How To Create Temporary Seals for Leaking Pipes

Leaking pipes are among the most annoying problems any homeowner can face. It not only makes a mess in an otherwise clean bathroom or kitchen floor. Leaking pipes can also prove to be expensive if water keeps on dripping. A professional is usually the best person to handle repairs on a leaky pipe. Your plumber should know whether to replace the pipe, or to just fix joints, or maybe even apply some sealing material over the pipe.

While you wait for your plumber to come, though, you can create a temporary seal to prevent your leaking pipe from making a bigger mess.

What you need:

  • Rubbing alcohol
  • Hair dryer
  • Electrical tape
  • Inner tube from a bicycle wheel
  • Pipe clamps
  • Wrench
  • Epoxy sealant

Turn off the main water supply. The first thing you should do when doing any pipe repairs is turn off the main water supply. This will either be located in your basement, at the front of your house, or anywhere the water meter can be found. You will need a wrench to twist the valve switch clockwise. Or, your valve might have its own switch, which you will need to twist clockwise by hand.

Drain excess water from the tap. After turning off the water supply, you will need to drain residual water from the tap, so that your leak can be controlled while you are fixing it.

Use electric tape for small leaks. Small leaks that come from low-pressure pipes like those leading to faucets and bidets can be remedied with some electrical tape. Simply wind a few layers of electrical tape on the problem area tightly. This will help stop the leak except for instances in which the leak is high-pressure.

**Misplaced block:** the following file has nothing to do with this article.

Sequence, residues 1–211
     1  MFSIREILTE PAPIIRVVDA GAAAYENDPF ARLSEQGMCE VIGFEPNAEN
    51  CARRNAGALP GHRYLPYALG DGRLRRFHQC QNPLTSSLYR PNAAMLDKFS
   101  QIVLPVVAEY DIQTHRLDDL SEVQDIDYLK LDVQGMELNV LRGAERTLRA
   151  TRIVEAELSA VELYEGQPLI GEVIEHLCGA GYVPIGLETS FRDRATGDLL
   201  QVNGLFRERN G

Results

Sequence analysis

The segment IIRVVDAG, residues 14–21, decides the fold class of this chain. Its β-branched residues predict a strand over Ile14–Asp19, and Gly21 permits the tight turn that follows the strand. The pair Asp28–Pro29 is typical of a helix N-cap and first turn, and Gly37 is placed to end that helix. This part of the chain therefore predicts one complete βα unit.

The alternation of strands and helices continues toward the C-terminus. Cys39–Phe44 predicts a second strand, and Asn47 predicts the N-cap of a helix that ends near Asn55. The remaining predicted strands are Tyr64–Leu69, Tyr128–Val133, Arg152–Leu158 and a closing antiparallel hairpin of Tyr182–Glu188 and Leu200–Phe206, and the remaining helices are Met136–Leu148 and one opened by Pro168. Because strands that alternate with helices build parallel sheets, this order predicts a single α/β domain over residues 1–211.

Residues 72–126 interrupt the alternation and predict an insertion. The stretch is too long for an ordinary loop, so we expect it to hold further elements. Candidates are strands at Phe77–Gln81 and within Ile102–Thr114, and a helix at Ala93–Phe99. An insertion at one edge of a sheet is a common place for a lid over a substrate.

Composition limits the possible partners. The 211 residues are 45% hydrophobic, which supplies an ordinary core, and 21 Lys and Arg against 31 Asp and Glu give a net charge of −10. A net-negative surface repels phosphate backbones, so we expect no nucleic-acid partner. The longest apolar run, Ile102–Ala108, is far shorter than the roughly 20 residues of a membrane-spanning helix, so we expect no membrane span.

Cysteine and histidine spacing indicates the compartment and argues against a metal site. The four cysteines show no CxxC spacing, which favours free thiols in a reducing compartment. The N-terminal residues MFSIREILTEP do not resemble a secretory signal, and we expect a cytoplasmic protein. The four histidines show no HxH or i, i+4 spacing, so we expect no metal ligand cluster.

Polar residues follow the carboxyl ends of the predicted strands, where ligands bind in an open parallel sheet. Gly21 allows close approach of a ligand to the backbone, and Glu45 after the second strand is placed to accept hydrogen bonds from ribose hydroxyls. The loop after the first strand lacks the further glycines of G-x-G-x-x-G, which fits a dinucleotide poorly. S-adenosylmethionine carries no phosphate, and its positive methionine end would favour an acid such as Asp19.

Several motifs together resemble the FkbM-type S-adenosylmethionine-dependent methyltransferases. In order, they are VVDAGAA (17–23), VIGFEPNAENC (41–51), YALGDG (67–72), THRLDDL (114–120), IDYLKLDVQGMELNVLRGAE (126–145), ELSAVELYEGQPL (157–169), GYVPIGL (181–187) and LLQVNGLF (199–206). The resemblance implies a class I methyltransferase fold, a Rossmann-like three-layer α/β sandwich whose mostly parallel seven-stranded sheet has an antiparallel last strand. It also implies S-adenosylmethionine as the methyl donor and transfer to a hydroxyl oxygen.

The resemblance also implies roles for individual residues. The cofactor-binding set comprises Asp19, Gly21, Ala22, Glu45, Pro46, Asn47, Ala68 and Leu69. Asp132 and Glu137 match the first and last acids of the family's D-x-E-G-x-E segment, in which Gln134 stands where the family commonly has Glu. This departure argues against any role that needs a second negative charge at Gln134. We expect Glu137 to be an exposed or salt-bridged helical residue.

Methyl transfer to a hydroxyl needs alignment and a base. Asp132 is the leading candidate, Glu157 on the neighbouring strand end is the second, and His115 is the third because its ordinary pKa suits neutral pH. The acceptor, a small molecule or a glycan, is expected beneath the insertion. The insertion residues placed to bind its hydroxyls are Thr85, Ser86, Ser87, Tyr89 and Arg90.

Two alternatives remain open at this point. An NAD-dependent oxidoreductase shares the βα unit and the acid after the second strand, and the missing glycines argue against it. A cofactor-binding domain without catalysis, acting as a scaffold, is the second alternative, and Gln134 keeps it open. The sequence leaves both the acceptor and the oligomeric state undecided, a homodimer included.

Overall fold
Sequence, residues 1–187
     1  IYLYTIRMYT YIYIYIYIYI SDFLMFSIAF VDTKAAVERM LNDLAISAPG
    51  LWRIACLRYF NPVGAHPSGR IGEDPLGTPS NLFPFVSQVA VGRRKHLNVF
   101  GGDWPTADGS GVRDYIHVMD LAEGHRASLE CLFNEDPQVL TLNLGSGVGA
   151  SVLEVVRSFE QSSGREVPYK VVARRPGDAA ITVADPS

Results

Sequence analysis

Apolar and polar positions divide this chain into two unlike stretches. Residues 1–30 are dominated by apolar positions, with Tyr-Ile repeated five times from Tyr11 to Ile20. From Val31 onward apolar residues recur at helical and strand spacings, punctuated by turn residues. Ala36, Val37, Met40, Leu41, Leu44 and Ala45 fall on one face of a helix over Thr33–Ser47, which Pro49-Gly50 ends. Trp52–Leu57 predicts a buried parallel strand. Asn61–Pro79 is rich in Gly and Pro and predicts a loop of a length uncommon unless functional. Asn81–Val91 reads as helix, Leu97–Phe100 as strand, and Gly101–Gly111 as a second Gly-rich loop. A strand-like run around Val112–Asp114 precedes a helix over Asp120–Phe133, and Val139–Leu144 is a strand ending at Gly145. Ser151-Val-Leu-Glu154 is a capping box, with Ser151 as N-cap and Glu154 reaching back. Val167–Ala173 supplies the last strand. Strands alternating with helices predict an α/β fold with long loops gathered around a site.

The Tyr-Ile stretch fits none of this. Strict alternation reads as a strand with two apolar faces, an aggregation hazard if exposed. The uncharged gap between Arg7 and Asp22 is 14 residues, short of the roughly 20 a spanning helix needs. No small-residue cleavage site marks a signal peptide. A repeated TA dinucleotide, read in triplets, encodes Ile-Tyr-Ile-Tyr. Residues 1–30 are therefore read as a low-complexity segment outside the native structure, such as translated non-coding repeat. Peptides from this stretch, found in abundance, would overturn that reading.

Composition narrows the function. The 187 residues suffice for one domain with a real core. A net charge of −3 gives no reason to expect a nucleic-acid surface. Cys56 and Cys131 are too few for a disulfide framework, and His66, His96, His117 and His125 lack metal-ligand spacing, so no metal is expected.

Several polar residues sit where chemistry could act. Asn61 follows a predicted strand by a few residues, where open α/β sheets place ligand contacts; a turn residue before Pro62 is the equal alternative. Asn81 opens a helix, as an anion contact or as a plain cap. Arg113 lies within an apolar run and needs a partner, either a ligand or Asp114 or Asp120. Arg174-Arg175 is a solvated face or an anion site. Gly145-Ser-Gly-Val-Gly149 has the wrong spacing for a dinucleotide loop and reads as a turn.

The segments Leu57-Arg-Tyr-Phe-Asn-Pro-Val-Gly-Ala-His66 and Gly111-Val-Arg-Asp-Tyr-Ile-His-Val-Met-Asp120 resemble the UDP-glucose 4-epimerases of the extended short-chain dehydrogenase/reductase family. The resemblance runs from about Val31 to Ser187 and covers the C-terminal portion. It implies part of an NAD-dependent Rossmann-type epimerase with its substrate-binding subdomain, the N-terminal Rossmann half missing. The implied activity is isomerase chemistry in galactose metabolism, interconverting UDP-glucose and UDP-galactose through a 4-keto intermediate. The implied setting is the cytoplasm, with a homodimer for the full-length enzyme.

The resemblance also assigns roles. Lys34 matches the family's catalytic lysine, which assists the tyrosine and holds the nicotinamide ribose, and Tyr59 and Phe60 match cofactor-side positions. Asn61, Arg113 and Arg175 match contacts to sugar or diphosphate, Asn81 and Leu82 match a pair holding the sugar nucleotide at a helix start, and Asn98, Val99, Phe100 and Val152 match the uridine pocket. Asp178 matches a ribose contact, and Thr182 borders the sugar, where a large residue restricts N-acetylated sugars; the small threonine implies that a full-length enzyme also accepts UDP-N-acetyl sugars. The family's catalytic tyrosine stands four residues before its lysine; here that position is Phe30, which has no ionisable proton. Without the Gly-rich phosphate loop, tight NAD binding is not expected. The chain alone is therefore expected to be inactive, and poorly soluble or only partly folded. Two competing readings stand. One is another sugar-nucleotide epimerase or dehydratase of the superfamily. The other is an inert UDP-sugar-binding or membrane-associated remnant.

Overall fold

Use bicycle wheel inner tube. For bigger leaks, you can use a portion of the inner tube from a bicycle wheel. As with smaller leaks, first tightly wind electrical tape around the problem area. You will then need to cut off a section of the bicycle inner tube, and then wrap it around the area with electrical tape tightly. Wet the inner tube with rubbing alcohol and then heat it up with the hair dryer. The combination of heat and alcohol will melt the inner tube rubber and will effectively create a seal around the area.

Use epoxy sealant. For bigger leaks, you can use epoxy sealant to temporarily stop the flow of water. Open the packaging and mix the compounds according to manufacturer specification (usually one-to-one correspondent of adhesive and hardening compound). This will look like clay putty. Thoroughly wipe the leaking area dry. Stuff the putty into the leak, making sure you cover the leak adequately, and that you wrap the putty around the pipe, to ensure maximum hold. You will have to wait from four hours to overnight for the compound to dry, depending on manufacturer specifications.

Leaks are best solved by replacing the pipes with newer ones. PVC pipes are usually more durable and flexible than metal ones, which are susceptible to corrosion. After you’ve temporarily plugged the leak, it’s best if you can get in touch with a local plumber to have the pipes permanently fixed.


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